Taana and Regin obeyed in silence. They knew what was to come, but took faith in the fact that at least their children would be safe. The Deathknight raised his hands, preparing to strike.

"Wait!" The hooded woman spoke with a voice that was almost a whisper. She dismounted and walked towards Regin and Taana while removing her hood. She revealed a very pale face and dark brown long hair. Tears were slowly rolling down her cheeks, but they were tears of blood. She looked at the couple with her head slightly tilted, then a wicked smile came on her lips.

"Do you really think the lord would let us leave any survivors? Even children?"
"He promised..." Taana screamed while pointing at the Deathknight.
"And Deathknights do not lie," the woman interrupted. "Neither he nor any of those under his command will harm your children. I, on the other hand, am not under his command and I have not made such a promise."

Her smile widened and she began walking towards the house. Taana, out of herself with anger started to raise to throw herself at the woman, but didn't even get on her feet. The Deathknight swung as soon as she began moving and decapitated both her and Regin in one stroke. The woman disappeared into the house, where Mella was still crying. Then after a little while everything became quiet. Dead quiet. The woman re-emerged from the house and sat up on her horse. She turned towards the Deathknight.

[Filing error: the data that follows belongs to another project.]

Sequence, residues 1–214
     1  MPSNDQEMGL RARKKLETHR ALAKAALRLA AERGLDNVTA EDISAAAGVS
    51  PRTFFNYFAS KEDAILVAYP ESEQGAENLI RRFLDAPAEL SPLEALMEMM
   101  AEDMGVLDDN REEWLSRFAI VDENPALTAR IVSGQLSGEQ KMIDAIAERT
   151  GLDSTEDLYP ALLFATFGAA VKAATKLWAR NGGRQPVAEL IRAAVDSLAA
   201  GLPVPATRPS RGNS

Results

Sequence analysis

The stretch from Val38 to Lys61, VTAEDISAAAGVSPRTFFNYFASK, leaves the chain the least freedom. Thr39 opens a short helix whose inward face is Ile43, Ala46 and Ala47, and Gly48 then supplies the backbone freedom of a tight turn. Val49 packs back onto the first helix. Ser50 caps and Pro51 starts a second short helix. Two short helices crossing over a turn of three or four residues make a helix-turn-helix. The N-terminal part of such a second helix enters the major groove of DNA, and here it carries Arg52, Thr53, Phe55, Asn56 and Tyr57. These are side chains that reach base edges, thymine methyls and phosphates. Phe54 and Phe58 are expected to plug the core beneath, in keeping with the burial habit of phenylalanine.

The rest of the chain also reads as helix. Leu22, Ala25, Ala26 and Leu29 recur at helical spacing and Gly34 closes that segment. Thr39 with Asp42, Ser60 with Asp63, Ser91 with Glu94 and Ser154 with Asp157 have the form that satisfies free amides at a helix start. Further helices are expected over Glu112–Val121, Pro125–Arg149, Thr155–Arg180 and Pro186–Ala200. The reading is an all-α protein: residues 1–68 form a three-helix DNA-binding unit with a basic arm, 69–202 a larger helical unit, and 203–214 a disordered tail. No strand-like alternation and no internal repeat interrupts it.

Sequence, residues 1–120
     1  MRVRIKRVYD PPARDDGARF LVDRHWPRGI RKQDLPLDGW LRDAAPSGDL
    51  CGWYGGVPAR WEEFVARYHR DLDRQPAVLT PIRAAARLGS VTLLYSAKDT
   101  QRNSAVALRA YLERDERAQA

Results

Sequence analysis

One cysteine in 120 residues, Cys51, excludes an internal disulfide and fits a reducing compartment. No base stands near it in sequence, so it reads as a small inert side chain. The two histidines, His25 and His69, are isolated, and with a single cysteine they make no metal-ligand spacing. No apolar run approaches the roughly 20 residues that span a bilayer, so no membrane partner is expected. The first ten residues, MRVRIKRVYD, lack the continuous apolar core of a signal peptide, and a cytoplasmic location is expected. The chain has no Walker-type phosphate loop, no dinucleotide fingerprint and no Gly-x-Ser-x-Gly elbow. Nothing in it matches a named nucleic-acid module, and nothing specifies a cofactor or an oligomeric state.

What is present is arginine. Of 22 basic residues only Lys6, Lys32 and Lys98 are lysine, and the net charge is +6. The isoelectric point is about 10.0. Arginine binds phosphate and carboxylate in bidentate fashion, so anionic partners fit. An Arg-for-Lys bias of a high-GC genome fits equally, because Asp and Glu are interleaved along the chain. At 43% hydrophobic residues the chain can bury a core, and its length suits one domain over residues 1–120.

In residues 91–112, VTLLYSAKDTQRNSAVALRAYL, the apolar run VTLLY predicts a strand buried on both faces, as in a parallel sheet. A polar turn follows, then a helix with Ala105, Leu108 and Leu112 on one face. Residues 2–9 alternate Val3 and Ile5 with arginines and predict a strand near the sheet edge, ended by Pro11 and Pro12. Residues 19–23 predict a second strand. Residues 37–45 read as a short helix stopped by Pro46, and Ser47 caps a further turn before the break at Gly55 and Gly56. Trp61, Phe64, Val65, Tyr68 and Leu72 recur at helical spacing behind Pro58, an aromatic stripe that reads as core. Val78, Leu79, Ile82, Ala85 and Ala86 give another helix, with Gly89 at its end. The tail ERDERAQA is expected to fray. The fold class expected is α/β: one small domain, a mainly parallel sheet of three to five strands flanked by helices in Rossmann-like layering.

"Our lord will know of your intentions to let the children live. I don't think he will be pleased."
"I was only trying to keep those under my command safe," he replied. "My orders didn't mention the children."
"It's a good thing I came along then."

Then they rode off. If anyone had bothered to look back towards the house they were leaving, they would have seen a girl climbing out from her favorite hiding place under the porch. She was crying heavily and ran out to the dead couple in the yard, kneeling next to their headless bodies. That girl was me and I had just seen my family murdered. I was nine years old.
[b]Josan[/b] on the power of commas:
"I saw a comma slay a fiendish burglyronic embryo of drenella 5 once."

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Ewen Brown
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Post by Ewen Brown » Tue Jan 10, 2006 4:59 pm

Taana's knckles are missing a 'u' i think
decapacitated
decapitated and incapacitated rolled into one, the first i suppose it is

nice beginning, i liked it, everything starts out somewhat of a cliché, it's either that or being completely innovative so either no one understands anything or that it's overly ridiculous

just started and already there's twenty something years of events looming in the distance, looking forward to reading more
stupidity causes violence

[url=http://www.winterwind-productions.com/forums/viewtopic.php?p=3071#3071]Swedish Snow Glaciers and Fjords[/url]

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Post by Spider » Tue Jan 10, 2006 5:23 pm

Correct on both counts. The spellchecker in the program I use clearly suck. How it missed knckles is beyond me.

The story will stay somewhat cliché for a while, it's supposed to. There will be a turning point which should be fairly obvious.
[b]Josan[/b] on the power of commas:
"I saw a comma slay a fiendish burglyronic embryo of drenella 5 once."

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Post by Joseph » Tue Jan 10, 2006 9:19 pm

I've just skimmed it, haven't read in detail yet but I knew there was a reason we work together.